Airbnb has been giving hotel chains been disrupting the hospitality industry for years.
And as a result, the tech company that rents out residential units as hotel rooms has done pretty well for itself. Airbnb has an average of two million customers a night and six million listings worldwide. That has reportedly given it about 20 percent of the U.S. consumer lodging market, while consumers spend more there than at Hilton and its brands, the company is valued around $38 billion. So, it makes sense that some of the large hotel players want to fight back.
That’s what Marriott International has planned. The company is launching Homes & Villas by Marriott International, where consumers can rent out their homes to Marriott’s hotel guests. The venture, with about 2,000 rooms, is in 100 markets in the United States, Europe the Caribbean, and Latin America. This is reportedly the first large hotel company to launch a full venture into this space. And Marriott executives hope that its name recognition and loyalty program will steer consumers toward Homes & Villas.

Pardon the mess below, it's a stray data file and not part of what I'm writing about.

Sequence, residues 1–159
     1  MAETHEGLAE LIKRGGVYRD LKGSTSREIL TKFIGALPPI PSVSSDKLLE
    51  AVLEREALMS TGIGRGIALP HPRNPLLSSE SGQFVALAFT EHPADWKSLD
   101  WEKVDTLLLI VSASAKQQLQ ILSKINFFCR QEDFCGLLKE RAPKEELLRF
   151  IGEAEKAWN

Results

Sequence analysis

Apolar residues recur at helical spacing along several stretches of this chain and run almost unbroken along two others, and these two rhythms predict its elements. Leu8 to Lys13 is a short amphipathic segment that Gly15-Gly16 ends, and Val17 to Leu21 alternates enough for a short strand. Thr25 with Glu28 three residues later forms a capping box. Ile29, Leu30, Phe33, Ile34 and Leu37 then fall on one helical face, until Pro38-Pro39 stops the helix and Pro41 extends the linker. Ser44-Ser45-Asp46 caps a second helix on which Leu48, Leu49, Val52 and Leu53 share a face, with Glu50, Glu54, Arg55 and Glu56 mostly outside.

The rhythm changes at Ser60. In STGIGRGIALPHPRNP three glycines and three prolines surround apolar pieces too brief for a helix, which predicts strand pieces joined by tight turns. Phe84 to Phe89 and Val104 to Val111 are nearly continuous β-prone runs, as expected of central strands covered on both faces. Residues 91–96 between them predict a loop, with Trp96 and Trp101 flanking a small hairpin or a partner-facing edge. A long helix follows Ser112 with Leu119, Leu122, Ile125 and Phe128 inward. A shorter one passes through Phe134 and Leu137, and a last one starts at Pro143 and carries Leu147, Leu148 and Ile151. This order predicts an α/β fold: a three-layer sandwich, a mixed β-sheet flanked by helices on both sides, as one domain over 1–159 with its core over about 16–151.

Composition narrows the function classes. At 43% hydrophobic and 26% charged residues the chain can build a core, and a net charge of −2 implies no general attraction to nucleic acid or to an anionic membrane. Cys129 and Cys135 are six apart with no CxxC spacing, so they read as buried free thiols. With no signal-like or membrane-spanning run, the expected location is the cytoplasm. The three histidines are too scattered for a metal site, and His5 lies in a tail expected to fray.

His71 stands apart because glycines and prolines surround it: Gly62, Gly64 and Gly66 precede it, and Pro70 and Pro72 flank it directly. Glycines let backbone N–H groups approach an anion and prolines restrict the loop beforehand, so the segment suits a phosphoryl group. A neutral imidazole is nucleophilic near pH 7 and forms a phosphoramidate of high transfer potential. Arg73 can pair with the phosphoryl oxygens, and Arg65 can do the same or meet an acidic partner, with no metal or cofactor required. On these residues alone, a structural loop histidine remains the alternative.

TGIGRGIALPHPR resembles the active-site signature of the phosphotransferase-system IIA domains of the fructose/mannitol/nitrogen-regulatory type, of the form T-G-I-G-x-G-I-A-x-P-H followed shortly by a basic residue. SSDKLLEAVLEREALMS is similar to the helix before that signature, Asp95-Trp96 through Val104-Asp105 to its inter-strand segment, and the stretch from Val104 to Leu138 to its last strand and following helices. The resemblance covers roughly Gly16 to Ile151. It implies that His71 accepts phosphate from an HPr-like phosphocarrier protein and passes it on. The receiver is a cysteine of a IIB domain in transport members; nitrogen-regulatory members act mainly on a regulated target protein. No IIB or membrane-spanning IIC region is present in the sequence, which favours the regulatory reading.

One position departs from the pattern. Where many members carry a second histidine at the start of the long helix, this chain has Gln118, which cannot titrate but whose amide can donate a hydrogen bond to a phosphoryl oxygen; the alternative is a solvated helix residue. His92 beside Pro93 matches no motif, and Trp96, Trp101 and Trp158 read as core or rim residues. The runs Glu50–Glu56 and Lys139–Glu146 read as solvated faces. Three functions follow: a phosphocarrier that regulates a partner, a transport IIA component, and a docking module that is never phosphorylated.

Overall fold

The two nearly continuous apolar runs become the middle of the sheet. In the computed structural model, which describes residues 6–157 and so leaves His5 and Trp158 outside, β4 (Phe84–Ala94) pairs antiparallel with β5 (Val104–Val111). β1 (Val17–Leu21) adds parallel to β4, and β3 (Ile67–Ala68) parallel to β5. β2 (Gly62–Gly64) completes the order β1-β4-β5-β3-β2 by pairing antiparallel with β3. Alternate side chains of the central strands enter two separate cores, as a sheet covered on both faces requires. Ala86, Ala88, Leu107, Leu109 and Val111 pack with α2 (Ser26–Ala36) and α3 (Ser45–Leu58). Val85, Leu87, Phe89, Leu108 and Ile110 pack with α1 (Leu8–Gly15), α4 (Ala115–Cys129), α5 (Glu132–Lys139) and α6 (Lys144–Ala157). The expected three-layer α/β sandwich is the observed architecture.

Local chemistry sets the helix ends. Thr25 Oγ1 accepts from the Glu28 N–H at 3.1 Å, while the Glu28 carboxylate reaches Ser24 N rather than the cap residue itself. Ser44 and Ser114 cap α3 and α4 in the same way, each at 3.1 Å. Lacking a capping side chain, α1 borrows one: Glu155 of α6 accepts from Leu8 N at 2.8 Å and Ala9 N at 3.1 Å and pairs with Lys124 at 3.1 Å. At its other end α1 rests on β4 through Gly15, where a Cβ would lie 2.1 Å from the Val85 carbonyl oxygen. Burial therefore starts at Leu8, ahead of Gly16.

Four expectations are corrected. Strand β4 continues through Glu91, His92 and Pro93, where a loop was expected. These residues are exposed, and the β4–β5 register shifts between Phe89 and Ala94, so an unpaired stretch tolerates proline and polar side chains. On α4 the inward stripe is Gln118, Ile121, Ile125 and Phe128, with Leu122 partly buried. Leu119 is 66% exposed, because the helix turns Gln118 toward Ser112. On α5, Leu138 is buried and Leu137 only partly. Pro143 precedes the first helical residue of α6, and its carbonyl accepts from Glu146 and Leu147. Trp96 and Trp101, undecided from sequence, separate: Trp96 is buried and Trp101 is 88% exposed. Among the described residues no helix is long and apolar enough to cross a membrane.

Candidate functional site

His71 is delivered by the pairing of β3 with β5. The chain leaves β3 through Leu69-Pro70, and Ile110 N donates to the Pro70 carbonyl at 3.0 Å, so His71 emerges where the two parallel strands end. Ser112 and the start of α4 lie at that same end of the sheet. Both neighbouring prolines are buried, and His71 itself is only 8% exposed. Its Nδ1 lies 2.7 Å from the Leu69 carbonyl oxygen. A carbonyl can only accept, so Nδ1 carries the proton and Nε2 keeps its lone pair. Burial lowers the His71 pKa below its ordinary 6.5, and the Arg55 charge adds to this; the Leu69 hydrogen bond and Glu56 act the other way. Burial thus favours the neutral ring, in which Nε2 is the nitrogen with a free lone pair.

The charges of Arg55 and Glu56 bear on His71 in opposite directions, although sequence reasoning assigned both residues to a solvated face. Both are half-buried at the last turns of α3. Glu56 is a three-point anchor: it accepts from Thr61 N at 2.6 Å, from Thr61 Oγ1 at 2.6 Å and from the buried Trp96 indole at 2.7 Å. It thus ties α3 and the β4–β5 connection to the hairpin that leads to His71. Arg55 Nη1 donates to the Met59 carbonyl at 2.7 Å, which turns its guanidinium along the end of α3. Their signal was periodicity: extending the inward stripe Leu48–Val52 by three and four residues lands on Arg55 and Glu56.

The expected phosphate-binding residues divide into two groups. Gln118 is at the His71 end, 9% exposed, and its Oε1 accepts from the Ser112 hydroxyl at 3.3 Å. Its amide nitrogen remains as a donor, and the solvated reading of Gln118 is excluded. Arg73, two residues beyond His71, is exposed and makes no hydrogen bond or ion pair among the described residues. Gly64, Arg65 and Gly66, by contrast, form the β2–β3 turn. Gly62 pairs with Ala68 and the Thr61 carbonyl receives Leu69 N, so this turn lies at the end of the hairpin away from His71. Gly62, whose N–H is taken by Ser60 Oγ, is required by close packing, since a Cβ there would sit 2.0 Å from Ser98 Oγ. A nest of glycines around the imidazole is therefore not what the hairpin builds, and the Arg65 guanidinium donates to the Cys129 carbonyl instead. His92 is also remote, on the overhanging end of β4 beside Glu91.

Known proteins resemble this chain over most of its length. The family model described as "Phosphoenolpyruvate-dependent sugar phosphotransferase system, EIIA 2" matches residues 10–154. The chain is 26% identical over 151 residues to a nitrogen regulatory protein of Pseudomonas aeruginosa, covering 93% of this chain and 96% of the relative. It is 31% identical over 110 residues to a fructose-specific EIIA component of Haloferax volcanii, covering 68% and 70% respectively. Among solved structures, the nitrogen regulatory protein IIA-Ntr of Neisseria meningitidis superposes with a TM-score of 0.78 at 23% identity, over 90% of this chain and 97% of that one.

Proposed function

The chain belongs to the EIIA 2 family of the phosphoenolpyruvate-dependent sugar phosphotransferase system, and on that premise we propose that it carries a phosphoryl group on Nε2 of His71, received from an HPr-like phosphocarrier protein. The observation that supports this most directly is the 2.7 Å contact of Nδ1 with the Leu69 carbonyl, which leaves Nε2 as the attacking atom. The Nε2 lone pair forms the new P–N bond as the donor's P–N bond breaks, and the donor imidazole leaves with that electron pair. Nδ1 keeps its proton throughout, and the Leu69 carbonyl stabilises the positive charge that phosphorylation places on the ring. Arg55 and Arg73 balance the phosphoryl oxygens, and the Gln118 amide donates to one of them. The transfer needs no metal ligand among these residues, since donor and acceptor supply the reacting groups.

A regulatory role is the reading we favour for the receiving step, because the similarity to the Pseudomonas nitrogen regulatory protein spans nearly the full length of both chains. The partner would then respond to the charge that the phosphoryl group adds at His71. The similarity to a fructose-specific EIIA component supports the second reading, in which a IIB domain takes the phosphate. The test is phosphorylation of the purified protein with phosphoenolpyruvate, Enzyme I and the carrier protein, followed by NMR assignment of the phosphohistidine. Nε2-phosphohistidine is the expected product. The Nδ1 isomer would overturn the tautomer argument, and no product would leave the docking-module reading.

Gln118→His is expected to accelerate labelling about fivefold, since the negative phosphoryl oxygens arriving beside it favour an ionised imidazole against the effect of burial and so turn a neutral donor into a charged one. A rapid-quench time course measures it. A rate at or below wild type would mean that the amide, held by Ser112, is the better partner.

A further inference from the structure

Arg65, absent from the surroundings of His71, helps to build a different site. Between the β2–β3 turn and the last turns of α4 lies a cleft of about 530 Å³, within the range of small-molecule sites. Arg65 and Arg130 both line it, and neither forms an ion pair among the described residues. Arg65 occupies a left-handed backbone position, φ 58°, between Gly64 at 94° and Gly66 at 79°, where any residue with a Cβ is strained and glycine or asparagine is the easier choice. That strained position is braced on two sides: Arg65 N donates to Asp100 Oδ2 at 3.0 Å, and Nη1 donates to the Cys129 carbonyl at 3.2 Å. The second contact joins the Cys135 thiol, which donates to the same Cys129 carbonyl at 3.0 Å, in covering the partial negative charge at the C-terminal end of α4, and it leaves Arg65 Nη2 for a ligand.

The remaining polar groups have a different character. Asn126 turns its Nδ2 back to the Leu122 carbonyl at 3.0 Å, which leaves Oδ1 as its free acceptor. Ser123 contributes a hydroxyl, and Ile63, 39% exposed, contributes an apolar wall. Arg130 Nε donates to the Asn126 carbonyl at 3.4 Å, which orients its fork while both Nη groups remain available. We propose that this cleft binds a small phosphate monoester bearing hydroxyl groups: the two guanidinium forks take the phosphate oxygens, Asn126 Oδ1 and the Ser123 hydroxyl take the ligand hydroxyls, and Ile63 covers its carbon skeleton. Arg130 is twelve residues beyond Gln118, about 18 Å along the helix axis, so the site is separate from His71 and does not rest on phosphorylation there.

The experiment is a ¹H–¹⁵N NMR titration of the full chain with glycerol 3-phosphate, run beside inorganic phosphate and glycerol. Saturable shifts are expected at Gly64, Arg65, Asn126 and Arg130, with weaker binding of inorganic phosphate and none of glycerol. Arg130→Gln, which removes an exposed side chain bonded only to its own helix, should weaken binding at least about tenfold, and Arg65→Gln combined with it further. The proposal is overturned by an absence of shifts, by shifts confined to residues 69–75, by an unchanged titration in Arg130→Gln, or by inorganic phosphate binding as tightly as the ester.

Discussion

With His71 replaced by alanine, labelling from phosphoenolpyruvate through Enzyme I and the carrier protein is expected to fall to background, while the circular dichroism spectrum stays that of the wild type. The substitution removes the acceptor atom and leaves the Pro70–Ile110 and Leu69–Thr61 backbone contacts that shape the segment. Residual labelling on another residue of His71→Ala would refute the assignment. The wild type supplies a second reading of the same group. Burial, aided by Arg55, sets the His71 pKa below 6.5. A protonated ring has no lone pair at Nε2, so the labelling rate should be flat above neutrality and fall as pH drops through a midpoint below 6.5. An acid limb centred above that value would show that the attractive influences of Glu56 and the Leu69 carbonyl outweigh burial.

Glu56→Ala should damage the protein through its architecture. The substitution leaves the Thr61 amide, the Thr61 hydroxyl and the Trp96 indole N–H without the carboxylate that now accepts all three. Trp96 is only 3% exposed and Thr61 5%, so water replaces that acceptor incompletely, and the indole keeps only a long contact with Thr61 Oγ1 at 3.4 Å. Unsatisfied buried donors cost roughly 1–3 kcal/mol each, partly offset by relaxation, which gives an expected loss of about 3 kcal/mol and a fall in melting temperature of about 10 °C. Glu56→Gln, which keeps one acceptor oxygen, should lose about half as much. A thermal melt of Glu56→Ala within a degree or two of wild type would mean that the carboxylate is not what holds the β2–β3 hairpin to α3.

Marriott already has about 1.3 million traditional hotel rooms under such brands as its namesake, Ritz-Carlton, Sheraton and Westin. The move to its new strategy comes after the company’s revenues weren’t as high as expected in 2018.
RevPAR (revenue per occupied room) was up 2.6 percent in 2018 for the full year worldwide and 1.3 percent during the fourth quarter, lower than the 2.04 percent predicted by analysts. For 2019, management expects RevPAR to rise between one percent and three percent. It’s too early to tell what impact Homes & Villas will have on future revenue growth. In its latest quarterly report, management says it has a 20 percent market share of hotels under construction, so the new program, coupled with that growth, could present an opportunity for higher future revenue increases.
Meanwhile, the hospitality industry is doing great from an overall real estate standpoint, according to Marcus & Millichap’s 2019 forecast on the sector. (Download here). Without being involved in the private-home rental space and facing stiff competition from Airbnb, occupancy rates are expected to hit a 30-year high in 2019, at 66.5 percent. As a result, RevPAR and average daily rates are also forecast to increase.
The strong economy is clearly helping hotels perform well without home-sharing services, and their inclusion in companies’ offerings should give them another tool to enhance growth if they come anywhere close to the path blazed by Airbnb.
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